The antiparasitic drug ivermectin failed to treat COVID-19 in yet another randomized clinical trial, but the drug remains popular amid the pandemic thanks to Republican politics. That’s the takeaways from two separate studies published Friday in JAMA Internal Medicine.
Together, the studies raise yet more concerns for the use of ivermectin against the pandemic virus—as well as the reasons behind its use, which appear politically motivated.
“Political affiliation should not be a factor in clinical treatment decisions,” the Harvard researchers behind one of the studies concluded. “Our findings raise concerns for public trust in a non-partisan health care system.”
The study began when researchers led by Harvard health policy researcher Michael Barnett took note of the sharp increase in prescriptions for ivermectin during the pandemic despite evidence that the drug is ineffective at treating COVID-19. The researchers set out to see if prescription levels could be linked with county-level political voting patterns in the 2020 US presidential election. For comparison, they also looked at the prescribing patterns for another antiparasitic drug called albendazole as well as the immunosuppressive drug methotrexate.
Barnett and colleagues reviewed medical claims from more than 18.5 million adults to assess prescribing practices in counties across the US from January 2019 to December 2020. They then sorted counties into four groups based on their share of Republican votes, with the first quartile having the lowest share of Republican votes and the fourth having the highest
Overall ivermectin prescribing increased 964 percent in December 2020 compared with prepandemic prescription levels in 2019. But those December 2020 prescriptions weren’t evenly distributed; the counties with the highest shares of Republican votes had the highest levels of ivermectin prescribing. In fact, the higher the share of Republican votes in a county, the higher the level of ivermectin prescribing.
The authors saw a similar pattern with hydroxychloroquine after the Food and Drug administration revoked an emergency use authorization for use against COVID-19 in March 2020. Use of the immunosuppressive drug increased in the later half of 2020, with the highest prescribing in counties with the highest shares of Republican votes. Meanwhile, there were no such politically linked trends or changes in prescription levels for the two control drugs, methotrexate and albendazole.
“Our findings are consistent with the hypothesis that US prescribing of hydroxychloroquine and ivermectin during the COVID-19 pandemic may have been influenced by political affiliation,” Barnett and his colleagues concluded. The findings add context to the continued use of ivermectin for COVID-19, even as evidence continues to mount finding that the drug is ineffective and potentially dangerous.
Alongside Barnett’s study, researchers in Malaysia reported results from a randomized clinical trial involving 490 high-risk COVID-19 patients. In the trial, ivermectin failed to prevent COVID-19 from progressing to severe disease in these high-risk patients. It also failed to make any statistically significant difference in a variety of COVID-19 outcomes, including timing of disease progression, length of hospital stay, the need for mechanical ventilation, the need for intensive care, and death.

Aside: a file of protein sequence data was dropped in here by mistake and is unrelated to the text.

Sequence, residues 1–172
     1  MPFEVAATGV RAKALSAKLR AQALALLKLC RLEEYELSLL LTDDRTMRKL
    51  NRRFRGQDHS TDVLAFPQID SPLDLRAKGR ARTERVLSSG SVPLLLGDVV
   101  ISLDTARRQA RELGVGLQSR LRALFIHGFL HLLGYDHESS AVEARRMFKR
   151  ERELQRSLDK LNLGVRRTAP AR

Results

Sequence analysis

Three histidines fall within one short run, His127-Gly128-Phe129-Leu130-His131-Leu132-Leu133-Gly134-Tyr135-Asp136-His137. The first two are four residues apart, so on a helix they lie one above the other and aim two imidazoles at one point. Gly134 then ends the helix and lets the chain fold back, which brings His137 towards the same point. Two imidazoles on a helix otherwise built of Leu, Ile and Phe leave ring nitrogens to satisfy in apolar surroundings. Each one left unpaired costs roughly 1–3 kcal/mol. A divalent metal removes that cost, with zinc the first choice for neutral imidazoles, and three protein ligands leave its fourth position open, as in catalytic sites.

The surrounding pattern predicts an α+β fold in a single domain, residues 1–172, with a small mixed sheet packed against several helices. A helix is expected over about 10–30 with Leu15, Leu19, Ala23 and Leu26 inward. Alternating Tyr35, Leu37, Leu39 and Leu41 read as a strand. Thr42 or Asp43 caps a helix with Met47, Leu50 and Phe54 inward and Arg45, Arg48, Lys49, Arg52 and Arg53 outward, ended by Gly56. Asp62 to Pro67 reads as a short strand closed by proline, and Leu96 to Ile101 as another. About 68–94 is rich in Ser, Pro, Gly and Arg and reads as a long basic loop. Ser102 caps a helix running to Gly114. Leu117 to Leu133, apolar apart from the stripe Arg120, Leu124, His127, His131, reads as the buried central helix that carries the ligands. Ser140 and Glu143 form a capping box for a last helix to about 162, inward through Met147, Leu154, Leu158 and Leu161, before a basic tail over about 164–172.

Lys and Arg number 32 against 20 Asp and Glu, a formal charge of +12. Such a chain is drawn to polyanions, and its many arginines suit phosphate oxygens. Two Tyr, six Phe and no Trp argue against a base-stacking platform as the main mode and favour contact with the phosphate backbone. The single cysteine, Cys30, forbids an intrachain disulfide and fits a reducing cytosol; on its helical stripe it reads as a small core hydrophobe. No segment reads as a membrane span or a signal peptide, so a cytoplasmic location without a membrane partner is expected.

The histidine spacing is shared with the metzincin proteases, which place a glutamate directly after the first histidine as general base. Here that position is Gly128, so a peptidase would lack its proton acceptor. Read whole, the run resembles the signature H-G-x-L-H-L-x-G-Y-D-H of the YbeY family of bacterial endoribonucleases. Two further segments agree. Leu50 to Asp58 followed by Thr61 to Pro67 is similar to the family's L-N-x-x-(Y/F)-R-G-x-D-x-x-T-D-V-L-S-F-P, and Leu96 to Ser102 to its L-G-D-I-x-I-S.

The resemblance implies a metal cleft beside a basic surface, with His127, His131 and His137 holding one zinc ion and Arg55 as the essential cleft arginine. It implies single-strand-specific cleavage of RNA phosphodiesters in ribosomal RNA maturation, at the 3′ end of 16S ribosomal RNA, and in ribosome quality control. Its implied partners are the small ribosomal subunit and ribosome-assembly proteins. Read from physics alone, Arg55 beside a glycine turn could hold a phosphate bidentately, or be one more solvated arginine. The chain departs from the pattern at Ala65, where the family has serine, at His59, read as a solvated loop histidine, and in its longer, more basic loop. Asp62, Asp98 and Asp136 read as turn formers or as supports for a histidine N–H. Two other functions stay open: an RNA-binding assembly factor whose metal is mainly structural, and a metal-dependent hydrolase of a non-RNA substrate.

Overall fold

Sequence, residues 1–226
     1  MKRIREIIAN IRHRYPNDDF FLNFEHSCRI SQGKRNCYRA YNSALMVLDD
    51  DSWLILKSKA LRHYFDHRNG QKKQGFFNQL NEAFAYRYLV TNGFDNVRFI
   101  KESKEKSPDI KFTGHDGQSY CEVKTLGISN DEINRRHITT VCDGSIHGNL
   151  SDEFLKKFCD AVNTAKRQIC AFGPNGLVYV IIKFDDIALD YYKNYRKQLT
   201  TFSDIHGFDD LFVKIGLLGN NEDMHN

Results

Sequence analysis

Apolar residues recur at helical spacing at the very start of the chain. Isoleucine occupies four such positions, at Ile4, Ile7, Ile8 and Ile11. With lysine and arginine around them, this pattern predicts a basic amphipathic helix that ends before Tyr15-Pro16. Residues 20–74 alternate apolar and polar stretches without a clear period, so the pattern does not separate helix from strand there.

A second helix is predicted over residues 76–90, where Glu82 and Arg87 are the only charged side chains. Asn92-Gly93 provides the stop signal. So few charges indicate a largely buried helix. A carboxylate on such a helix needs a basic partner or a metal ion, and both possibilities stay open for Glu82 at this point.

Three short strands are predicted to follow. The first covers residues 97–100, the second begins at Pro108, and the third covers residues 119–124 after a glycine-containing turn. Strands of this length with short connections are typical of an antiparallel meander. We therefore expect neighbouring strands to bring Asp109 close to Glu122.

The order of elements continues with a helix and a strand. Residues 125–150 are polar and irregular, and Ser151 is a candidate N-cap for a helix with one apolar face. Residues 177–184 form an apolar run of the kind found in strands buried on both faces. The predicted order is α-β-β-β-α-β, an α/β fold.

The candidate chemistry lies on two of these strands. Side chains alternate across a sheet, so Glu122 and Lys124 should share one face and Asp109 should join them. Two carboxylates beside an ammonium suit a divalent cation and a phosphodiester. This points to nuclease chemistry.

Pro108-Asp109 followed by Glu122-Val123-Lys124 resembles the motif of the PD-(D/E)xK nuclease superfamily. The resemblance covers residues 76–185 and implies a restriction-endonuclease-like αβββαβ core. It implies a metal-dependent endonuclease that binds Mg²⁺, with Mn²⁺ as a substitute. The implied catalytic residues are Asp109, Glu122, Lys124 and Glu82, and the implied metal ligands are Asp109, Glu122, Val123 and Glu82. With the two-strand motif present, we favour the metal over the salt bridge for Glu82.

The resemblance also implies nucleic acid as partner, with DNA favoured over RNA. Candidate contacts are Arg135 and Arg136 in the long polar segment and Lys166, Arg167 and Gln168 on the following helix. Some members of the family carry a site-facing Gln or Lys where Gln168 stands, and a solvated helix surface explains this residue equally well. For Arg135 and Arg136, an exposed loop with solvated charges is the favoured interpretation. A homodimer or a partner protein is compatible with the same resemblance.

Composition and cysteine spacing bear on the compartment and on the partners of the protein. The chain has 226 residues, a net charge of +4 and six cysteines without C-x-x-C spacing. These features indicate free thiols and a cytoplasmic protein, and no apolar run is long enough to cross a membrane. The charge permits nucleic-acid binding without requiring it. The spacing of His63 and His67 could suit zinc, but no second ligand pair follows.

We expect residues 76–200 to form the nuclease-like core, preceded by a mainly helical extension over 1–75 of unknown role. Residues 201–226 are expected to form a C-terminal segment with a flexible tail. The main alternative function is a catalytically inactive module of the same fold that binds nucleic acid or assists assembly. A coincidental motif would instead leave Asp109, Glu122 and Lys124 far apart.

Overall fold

In Malaysia, people are required to report cases of COVID-19 to authorities and people at risk of disease progression are either referred to the hospital or admitted to a COVID-19 quarantine center. That all made it easier to closely track trial participants. The trial enrolled people who were COVID-19 positive, aged 50 or older, and had at least one underlying medical condition. At the time of enrollment, the 490 patients were considered to have mild to moderate infections. From there, 241 were randomly assigned to get oral ivermectin for five days, and 249 were randomly assigned to get standard care.
At the end of the study, 52 of the 241 patients who received ivermectin (21.6 percent) had progressed to severe disease, while 43 of the 249 patients who just received standard care (17.3 percent) progressed. While there were no significant differences in other disease outcomes, the researchers did document more side effects in the ivermectin group.
Overall, 44 patients reported side effects, with 33 of them being in the ivermectin group. Diarrhea was the most common side effect, which ivermectin is known to cause. There were also five cases of severe adverse reactions, four of which were in the ivermectin group. Two patients in the ivermectin group had heart attacks, one had severe anemia, and one developed hypovolemic shock as a result of severe diarrhea. The one remaining severe reaction in the control group involved abdominal bleeding.
Not the first time
While some early clinical work had suggested ivermectin may be effective for treating COVID-19, experts have since noted methodological weaknesses in those studies. Moreover, the findings in the Malaysia trial echo two other randomized clinical trials, in Colombia and Argentina. These trials also found no benefit to using ivermectin to improve COVID-19 symptoms or reduce hospitalization rates.
Overall, the authors of the Malaysian trial conclude that, in their “randomized clinical trial of high-risk patients with mild to moderate COVID-19, ivermectin treatment during early illness did not prevent progression to severe disease. The study findings do not support the use of ivermectin for patients with COVID-19.”